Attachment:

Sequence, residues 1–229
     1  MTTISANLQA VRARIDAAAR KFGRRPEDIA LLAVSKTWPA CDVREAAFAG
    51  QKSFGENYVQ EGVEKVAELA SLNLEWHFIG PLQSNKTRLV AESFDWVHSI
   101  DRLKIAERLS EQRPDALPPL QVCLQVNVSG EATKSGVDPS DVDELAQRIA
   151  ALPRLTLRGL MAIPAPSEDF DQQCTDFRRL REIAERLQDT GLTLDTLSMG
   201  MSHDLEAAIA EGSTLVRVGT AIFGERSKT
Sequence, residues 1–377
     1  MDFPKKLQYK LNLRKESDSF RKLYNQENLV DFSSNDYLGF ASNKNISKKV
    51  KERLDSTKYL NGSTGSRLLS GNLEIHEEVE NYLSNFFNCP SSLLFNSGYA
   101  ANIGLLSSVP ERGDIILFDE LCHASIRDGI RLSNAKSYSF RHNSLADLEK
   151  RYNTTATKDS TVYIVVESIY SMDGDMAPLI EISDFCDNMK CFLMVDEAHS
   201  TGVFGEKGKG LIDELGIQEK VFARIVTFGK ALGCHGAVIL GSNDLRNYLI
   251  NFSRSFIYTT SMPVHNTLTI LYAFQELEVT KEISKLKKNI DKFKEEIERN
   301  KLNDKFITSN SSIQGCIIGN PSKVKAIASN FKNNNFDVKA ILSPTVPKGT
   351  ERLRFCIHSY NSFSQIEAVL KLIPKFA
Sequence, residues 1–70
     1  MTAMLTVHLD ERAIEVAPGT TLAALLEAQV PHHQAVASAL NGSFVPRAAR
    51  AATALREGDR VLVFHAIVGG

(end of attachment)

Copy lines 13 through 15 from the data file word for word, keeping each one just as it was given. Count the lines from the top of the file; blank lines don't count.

   251  NFSRSFIYTT SMPVHNTLTI LYAFQELEVT KEISKLKKNI DKFKEEIERN
   301  KLNDKFITSN SSIQGCIIGN PSKVKAIASN FKNNNFDVKA ILSPTVPKGT
   351  ERLRFCIHSY NSFSQIEAVL KLIPKFA